July 31, 2012 8 Comments
That is, if you go by what “conservative” used to mean. Andrew Sullivan makes the case for why “true” conservatives (or at least those with an appreciation for the meaning beyond the present American political context) should support Obama. Of course, I’d argue that liberals should to. Anyway, more than anything it is an interesting look at just how truly radical, rather than conservative, the modern Republican party has become. Here’s a bit:
Michael Brendan Dougherty recently checked in on the Obamacons and found them a little chastened, but still adamant about the degeneration of the GOP and salvaging the term “conservative” from religious fanatics, supply-side fantasists and foreign policy utopians. The eyes roll, I know, when I cling to the word “conservative” like others cling to their, er, Second Amendment rights. But I’d be dissembling if I did not argue that on a whole array of issues, Obama is simply and unequivocally the more conservative candidate. One commenter on the piece put it pretty simply:
What do you call:
1. Nationalism, without the interventionist foreign policy.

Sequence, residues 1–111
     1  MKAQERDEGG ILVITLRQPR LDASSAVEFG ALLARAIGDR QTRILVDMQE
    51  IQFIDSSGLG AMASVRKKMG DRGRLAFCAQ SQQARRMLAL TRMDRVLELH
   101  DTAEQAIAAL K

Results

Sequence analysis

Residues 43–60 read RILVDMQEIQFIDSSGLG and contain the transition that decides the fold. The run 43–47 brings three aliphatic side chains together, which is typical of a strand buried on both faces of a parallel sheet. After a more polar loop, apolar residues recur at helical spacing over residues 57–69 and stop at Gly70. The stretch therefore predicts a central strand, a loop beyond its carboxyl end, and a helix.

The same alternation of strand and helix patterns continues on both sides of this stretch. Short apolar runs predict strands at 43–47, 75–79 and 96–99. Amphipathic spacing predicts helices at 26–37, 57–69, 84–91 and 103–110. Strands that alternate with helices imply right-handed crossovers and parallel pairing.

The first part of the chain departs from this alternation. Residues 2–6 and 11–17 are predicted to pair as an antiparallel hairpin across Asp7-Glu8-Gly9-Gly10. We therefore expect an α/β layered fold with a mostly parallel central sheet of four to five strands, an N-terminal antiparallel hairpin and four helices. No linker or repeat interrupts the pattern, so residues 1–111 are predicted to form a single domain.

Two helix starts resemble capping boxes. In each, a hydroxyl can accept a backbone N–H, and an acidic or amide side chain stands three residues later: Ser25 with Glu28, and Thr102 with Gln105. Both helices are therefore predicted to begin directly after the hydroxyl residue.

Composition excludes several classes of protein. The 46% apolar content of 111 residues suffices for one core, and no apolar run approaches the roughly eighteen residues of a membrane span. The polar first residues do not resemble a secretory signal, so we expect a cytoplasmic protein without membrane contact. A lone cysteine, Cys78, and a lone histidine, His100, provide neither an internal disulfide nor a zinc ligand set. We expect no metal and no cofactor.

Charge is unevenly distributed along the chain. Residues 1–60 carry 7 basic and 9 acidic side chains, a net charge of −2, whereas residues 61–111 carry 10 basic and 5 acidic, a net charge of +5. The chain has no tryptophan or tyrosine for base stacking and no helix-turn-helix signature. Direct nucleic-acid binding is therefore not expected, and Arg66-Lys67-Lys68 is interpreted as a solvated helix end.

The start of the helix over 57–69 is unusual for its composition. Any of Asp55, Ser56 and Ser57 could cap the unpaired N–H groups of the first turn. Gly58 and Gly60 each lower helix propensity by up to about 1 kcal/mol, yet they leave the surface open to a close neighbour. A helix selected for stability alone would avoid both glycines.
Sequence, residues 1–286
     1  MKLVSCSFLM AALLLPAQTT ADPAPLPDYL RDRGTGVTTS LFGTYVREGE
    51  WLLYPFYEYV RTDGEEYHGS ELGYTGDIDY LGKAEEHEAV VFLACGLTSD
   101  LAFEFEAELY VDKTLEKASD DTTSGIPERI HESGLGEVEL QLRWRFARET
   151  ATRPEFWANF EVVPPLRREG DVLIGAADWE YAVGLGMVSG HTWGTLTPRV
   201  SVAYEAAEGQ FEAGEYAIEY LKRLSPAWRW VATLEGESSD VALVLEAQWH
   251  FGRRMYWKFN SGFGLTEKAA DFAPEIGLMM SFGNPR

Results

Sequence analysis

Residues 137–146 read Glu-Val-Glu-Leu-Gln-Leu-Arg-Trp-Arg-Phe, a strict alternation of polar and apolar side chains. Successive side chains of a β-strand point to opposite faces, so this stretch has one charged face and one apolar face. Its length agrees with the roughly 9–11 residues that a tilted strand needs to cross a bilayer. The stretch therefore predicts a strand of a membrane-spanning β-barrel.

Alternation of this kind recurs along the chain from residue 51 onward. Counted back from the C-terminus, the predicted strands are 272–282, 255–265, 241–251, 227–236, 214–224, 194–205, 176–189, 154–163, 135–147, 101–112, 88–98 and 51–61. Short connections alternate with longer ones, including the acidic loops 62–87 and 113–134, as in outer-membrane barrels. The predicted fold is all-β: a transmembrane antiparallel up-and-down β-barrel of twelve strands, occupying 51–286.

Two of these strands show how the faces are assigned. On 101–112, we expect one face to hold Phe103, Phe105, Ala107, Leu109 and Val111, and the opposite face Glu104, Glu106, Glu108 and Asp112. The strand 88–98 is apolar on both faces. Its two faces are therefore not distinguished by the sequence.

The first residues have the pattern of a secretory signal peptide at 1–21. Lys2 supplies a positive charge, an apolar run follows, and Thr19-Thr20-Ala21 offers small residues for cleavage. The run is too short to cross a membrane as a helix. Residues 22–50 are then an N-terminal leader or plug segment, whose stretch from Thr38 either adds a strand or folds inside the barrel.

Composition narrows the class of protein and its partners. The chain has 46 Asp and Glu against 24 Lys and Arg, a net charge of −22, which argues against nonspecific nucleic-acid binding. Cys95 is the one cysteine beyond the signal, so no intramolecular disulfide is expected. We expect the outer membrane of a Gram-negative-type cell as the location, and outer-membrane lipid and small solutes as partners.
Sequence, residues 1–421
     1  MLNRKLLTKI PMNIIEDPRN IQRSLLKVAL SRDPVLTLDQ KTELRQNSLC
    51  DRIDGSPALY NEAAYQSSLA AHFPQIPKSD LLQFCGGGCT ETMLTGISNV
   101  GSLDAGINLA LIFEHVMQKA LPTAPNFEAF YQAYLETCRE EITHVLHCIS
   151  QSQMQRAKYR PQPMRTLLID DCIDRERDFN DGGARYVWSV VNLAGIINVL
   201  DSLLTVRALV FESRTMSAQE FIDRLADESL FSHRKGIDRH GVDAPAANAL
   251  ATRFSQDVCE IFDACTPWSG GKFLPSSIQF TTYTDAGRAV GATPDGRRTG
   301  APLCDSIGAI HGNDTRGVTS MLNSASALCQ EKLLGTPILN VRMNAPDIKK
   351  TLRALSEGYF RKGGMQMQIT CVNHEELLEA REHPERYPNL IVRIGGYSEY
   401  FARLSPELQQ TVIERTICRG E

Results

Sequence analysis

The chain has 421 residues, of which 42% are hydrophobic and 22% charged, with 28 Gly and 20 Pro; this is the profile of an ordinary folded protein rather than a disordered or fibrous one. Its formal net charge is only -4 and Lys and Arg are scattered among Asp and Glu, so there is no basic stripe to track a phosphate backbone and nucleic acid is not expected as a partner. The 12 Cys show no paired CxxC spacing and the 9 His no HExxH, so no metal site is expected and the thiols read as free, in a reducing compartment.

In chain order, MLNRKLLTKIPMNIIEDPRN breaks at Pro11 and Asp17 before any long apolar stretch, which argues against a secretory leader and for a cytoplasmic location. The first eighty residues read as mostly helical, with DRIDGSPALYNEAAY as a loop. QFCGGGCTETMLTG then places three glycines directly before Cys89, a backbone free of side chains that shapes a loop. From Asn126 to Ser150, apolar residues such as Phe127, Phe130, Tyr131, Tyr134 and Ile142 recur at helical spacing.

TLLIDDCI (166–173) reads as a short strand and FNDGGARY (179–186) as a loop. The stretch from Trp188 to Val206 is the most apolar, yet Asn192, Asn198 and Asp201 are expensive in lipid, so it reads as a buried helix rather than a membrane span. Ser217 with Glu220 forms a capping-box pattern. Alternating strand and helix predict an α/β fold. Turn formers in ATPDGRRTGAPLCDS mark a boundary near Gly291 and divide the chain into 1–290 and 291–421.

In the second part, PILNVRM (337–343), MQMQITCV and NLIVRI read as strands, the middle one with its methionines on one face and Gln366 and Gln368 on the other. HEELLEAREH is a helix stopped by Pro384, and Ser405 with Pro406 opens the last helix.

2. Taxation equal to public spending, rather than just cutting taxes without making the hard choices to spend less.
3. Slow and careful to adopt change, but realizing that change is necessary sometimes.
I view conservatism as the practical engagement with policy and political institutions to adapt modestly and incrementally to social and economic change with the goal of maintaining the coherence and stability of a polity and a culture. It is a philosophy of moderation and balance, constantly alert to the manifold ways in which societies can, over time, lose their equilibrium.
Wow, you put it that way, and conservativism certainly sounds pretty good. But again, historically speaking, it has very little in common with today’s Republican party.